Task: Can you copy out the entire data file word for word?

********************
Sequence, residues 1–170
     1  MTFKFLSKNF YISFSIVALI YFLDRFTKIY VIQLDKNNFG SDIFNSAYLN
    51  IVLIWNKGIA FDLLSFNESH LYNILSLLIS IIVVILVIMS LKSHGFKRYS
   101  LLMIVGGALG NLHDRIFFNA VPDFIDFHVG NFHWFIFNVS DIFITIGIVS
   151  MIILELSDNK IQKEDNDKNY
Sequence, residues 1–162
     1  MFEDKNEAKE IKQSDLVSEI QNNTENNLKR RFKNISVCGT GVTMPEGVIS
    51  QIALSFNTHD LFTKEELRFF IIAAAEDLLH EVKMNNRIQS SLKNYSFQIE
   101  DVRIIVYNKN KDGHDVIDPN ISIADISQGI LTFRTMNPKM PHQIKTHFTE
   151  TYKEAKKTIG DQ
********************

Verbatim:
Sequence, residues 1–170
     1  MTFKFLSKNF YISFSIVALI YFLDRFTKIY VIQLDKNNFG SDIFNSAYLN
    51  IVLIWNKGIA FDLLSFNESH LYNILSLLIS IIVVILVIMS LKSHGFKRYS
   101  LLMIVGGALG NLHDRIFFNA VPDFIDFHVG NFHWFIFNVS DIFITIGIVS
   151  MIILELSDNK IQKEDNDKNY
Sequence, residues 1–162
     1  MFEDKNEAKE IKQSDLVSEI QNNTENNLKR RFKNISVCGT GVTMPEGVIS
    51  QIALSFNTHD LFTKEELRFF IIAAAEDLLH EVKMNNRIQS SLKNYSFQIE
   101  DVRIIVYNKN KDGHDVIDPN ISIADISQGI LTFRTMNPKM PHQIKTHFTE
   151  TYKEAKKTIG DQ